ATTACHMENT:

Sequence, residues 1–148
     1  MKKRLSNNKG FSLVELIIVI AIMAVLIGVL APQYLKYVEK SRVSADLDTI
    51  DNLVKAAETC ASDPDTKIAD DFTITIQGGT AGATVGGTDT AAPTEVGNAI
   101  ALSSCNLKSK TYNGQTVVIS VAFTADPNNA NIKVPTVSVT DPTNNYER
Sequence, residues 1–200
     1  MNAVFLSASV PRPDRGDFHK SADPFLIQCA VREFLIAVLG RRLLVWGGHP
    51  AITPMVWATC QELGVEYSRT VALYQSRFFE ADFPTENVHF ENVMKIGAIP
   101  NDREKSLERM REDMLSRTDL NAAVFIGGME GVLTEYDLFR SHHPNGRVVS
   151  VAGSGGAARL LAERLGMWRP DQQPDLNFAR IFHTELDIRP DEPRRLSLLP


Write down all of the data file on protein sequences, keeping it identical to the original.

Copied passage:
Sequence, residues 1–148
     1  MKKRLSNNKG FSLVELIIVI AIMAVLIGVL APQYLKYVEK SRVSADLDTI
    51  DNLVKAAETC ASDPDTKIAD DFTITIQGGT AGATVGGTDT AAPTEVGNAI
   101  ALSSCNLKSK TYNGQTVVIS VAFTADPNNA NIKVPTVSVT DPTNNYER
Sequence, residues 1–200
     1  MNAVFLSASV PRPDRGDFHK SADPFLIQCA VREFLIAVLG RRLLVWGGHP
    51  AITPMVWATC QELGVEYSRT VALYQSRFFE ADFPTENVHF ENVMKIGAIP
   101  NDREKSLERM REDMLSRTDL NAAVFIGGME GVLTEYDLFR SHHPNGRVVS
   151  VAGSGGAARL LAERLGMWRP DQQPDLNFAR IFHTELDIRP DEPRRLSLLP